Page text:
To standardize classification names is an important content of data integration in soil science. For a unified classification system, we recorded the names of soil groups and subgroups as per Guangdong Soil Species Chronicles, and added their corresponding names from GB/T 17296-2009 for comparison.
4.2.4 Update of administrative units
It took over 20 years from statistical survey to the publishing of Guangdong Soil Species Chronicles. This period witnessed great changes in the name and scope of various administrative divisions. In view of this, two data fields were added to record both the old and new county/city names. To facilitate data query, we also added the administrative division code (GB/T2260-2007)12 and their approximate latitude & longitude.
4.2.5 Data type conventions
Basic data types include texts, numbers, remarks, etc. Fields with data missing from the original source were marked by “null”.
Soil is the basis of agricultural development and the most important natural resource of a country. Soil species is the basic unit of soil classification that closely relates to agricultural production. Soil species information provides a scientific basis for soil utilization, soil formulation and fertilization, soil tillage and irrigation, and soil modification. It can also be used as basic data for allocation of agriculture, utilization and protection of soil resources, estimation of soil carbon/nitrogen reserves, as well as studies on soil nutrient dynamic changes and soil taxonomy. This study also aims to promote a full and efficient utilization of soil resource information. Guangdong Soil Species Chronicles provides the most authoritative, comprehensive and detailed information on the soil species of Guangdong Province.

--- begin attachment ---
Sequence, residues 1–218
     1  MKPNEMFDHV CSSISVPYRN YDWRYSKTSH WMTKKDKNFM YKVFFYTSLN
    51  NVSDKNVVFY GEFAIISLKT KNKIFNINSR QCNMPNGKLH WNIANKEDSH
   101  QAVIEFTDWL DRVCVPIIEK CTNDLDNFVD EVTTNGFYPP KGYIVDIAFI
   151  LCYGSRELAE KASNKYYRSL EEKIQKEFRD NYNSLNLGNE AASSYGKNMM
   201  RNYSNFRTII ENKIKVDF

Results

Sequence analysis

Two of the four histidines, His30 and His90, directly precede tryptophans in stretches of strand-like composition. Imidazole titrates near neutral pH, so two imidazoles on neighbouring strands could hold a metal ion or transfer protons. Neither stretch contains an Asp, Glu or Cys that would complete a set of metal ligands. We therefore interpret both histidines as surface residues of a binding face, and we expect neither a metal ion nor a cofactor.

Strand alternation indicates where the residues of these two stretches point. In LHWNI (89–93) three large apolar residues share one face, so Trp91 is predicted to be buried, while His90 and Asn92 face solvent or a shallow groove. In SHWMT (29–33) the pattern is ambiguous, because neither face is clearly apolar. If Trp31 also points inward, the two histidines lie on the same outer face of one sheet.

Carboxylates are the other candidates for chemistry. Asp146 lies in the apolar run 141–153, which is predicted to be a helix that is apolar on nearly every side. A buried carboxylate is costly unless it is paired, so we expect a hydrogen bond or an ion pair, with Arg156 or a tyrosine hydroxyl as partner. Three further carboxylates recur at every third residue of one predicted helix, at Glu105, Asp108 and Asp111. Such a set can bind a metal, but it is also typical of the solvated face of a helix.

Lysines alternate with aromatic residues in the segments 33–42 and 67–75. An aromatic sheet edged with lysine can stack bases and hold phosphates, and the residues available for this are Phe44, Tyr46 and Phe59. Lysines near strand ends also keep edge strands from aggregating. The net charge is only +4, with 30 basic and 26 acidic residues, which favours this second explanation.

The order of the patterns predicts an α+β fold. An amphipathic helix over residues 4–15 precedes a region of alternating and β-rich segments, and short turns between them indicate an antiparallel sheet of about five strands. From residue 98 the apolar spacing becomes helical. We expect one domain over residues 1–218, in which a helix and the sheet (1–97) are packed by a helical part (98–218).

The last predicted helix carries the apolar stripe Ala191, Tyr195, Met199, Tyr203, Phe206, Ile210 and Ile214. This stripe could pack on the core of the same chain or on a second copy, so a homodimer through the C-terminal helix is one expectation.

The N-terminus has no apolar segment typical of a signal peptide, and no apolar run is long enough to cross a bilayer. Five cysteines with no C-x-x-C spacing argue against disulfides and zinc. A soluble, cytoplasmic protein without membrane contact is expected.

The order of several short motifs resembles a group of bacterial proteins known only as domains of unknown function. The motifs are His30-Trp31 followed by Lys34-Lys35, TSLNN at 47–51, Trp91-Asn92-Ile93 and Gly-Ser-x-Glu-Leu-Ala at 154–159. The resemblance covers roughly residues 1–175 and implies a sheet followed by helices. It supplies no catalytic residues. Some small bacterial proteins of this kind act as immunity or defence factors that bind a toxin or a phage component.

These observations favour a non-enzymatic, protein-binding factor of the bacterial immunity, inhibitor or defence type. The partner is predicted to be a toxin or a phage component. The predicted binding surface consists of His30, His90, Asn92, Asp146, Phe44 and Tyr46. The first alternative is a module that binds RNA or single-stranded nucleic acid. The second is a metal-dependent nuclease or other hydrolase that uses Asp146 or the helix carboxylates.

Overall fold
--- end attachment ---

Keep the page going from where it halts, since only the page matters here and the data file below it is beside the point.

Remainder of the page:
Below are a list of notes on the usage of this data set:
(1) During the compilation of Guangdong Soil Species Chronicles, soil species with small areas and not enough statistics had been attributed to another soil species of the same family. This led to a smaller number of soil species recorded in this database, as compared with the actual number, as well as a greater area of certain soil species.
(2) Due to the editors’ limited knowledge at the time when the book was compiled, certain soil species were not fully summarized. Repetitive and purely theoretical explanations were frequent in the discussion of certain soil species’ production performance, especially regarding improvement and utilization measures, and the characteristics of various soil species were not fully reflected.